There is no trick to this. There is no easy way to repair that, unless you have the proper tools and experience. It sounds like your a novice, because of the questions you are asking.
Here is the issue you will come across...
You'll remove the collar, and find that there are 4 very thin wires soldered to the gold contacts. Those contacts have springs behind them. If they came off, or are damaged, that's it. Technics does not sell the parts for the tonearm individually. You will have to replace the entire tonearm. Soldering those thin wires back into their original position is extremely difficult. It's easier to replace the tonearm.
It's very hard to get those screws aligned and tightened correctly. They are machine calibrated with the precise amount of torque. Once they become loose, it's very hard to get them back to original factory settings. Also, those screws are conical screws, which means they have a cone shaped tip on them. That cone shaped section sits on 4 very small ball bearings which balance the tonearm. There is a very thin piece of sheet metal which protects the ball bearings and keeps them aligned, if any of these parts are damaged, or bent in any way, your tonearm is damaged.
Unfortunately, if you can't get the balance correct, you will have to replace the tonearm. You can buy a new TONEARM HERE, however, replacing it, is a whole other process and not recommended if you have no soldering experience, as you could damage your unit even more.
once you soldered to circuit board place - this might help
Advanced Tonearm stuff
Tightening the suspension on your tonearm
Some TT's have tonearms which seem to be loose. If you grab the tonearm and pull it gently back and forth and it seems loose you can tighten it. It shouldn't move at all. A loose suspension can severely affect it's performance - from jumping needles to binding.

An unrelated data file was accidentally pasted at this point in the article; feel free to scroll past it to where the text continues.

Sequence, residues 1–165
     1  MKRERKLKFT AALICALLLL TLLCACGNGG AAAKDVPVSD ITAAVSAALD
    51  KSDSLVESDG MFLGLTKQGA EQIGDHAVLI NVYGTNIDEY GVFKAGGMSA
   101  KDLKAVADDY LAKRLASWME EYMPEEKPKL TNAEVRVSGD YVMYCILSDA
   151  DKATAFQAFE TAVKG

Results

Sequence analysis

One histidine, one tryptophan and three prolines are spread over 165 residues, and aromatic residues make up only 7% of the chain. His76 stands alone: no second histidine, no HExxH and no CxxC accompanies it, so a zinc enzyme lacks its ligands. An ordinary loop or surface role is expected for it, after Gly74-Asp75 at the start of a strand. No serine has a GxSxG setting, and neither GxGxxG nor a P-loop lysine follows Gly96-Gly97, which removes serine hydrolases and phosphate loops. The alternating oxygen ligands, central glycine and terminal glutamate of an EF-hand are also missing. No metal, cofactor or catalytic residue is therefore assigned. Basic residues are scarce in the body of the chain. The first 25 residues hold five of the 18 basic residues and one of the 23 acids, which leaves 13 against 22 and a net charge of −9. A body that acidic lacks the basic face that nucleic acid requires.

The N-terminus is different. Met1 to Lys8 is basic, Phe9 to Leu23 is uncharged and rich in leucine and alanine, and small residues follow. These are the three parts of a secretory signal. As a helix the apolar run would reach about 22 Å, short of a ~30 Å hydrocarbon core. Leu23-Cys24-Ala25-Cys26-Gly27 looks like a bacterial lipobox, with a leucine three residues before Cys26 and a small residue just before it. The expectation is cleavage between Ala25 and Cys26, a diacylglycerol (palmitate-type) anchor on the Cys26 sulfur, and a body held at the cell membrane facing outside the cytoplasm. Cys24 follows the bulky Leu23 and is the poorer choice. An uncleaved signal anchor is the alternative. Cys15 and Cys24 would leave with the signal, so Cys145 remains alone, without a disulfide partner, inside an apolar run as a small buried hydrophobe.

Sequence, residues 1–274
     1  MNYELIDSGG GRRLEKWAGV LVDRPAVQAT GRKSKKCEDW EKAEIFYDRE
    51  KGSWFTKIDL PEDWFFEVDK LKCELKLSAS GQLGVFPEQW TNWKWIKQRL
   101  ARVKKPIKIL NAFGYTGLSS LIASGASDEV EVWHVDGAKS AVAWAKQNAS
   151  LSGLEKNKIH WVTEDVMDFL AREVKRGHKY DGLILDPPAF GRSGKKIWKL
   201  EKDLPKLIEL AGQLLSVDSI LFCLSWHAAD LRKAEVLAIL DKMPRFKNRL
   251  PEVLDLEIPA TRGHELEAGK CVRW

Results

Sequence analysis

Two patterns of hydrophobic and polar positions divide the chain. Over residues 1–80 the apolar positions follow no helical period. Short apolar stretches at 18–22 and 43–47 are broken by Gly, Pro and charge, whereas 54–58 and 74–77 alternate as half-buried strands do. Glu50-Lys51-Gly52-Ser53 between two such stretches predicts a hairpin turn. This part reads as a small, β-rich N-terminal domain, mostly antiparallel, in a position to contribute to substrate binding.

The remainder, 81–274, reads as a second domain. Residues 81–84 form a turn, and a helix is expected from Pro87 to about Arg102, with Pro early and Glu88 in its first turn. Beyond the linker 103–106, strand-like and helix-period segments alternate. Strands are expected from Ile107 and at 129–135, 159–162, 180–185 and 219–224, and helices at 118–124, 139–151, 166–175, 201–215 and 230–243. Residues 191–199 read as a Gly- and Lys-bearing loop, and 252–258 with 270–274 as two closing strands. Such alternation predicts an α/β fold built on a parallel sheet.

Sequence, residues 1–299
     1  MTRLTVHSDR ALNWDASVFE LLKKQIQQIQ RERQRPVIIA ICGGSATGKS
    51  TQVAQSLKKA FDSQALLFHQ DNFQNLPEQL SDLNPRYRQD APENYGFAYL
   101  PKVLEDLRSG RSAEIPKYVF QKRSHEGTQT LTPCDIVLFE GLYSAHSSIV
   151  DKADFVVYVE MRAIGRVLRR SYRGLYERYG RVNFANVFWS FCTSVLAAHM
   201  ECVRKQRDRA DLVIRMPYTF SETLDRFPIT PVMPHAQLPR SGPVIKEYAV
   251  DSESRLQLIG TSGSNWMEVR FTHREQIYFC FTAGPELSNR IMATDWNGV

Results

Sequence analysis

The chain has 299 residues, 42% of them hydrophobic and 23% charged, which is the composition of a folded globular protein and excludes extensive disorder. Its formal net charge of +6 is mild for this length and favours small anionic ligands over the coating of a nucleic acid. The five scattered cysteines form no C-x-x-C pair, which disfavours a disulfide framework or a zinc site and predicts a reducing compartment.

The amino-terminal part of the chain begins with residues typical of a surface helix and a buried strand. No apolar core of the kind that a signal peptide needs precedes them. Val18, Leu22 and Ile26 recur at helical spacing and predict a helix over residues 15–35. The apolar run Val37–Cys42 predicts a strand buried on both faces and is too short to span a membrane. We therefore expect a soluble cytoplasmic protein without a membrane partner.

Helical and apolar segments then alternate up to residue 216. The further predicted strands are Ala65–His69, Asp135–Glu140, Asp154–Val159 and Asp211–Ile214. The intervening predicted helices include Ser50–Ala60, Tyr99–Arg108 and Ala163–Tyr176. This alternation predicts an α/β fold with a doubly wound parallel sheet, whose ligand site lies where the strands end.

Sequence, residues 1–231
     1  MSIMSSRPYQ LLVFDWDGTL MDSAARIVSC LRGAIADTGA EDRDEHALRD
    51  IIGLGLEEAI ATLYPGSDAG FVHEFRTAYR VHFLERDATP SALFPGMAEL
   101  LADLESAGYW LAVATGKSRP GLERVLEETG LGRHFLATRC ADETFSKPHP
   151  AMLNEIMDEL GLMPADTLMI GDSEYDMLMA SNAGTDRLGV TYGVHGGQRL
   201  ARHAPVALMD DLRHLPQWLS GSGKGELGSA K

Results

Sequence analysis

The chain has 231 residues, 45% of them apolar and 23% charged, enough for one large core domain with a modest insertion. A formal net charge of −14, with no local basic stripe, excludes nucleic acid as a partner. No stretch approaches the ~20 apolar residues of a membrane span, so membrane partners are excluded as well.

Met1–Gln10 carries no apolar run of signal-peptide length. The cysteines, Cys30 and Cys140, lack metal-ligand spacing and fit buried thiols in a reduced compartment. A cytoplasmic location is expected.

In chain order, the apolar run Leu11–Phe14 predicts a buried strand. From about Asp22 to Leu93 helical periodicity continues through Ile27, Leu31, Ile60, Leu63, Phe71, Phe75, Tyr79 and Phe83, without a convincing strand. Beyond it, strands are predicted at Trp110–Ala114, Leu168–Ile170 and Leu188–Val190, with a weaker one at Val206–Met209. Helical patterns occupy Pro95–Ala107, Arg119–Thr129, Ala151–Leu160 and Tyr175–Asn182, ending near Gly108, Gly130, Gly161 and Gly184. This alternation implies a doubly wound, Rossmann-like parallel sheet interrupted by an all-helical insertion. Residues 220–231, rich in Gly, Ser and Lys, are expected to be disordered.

It's pretty easy to tighten the suspension. You'll need a small flat screwdriver and a large one. Use the large one to loosen the outer locking screw on the top of the pivot point. Now use the smaller screwdriver to loosen up the smaller screw. Put a drop of oil where the bearings are (under that top support on the other end of the adjustment screw) so that it doesn't bind. Now tighten the small screw slowly until it just contacts the bearings. Adjust the tightness so the tonearm doesn't wiggle if you pull on it but leave it loose enough for the tonearm to pivot freely without binding. Adjust carefully and don't overtighten otherwise the bearings will be damaged! When done, tighten up the locking screw.
Tightening up the headshell locking ring
Have you put on your headshell, twisted that knurled tightener at the end of the tonearm as tight as possible and have found that the headshell still moves around? What will happen is that the headshell won't sit parallel to the record but may be tilted as a result of twisting of the headshell. This usually occurs when you change headshells a lot or if you've had your turntable for a while, and can contribute to needle jumping so here's what you do to fix it.
First read 3.2 on base disassembly. Remove the rubber base. There will be this big piece of hard black plastic covering almost everything. You'll need to remove it. To remove the tonearm assembly look for three screws (all formerly under that black plastic) and unscrew them. Be careful not to drop the tonearm when you remove that last screw!
Now, remove the tonearm assembly from the rest of the 1200, and look at the bottom of the tonearm where the headshell is put in. There will be two tiny philips screws there. Get a jewelers screwdriver of the CORRECT size and tighten those up. Put the headshell on and try wiggling it to make sure everything is right. Now put your tonearm back on and close everything back up.
hope this helps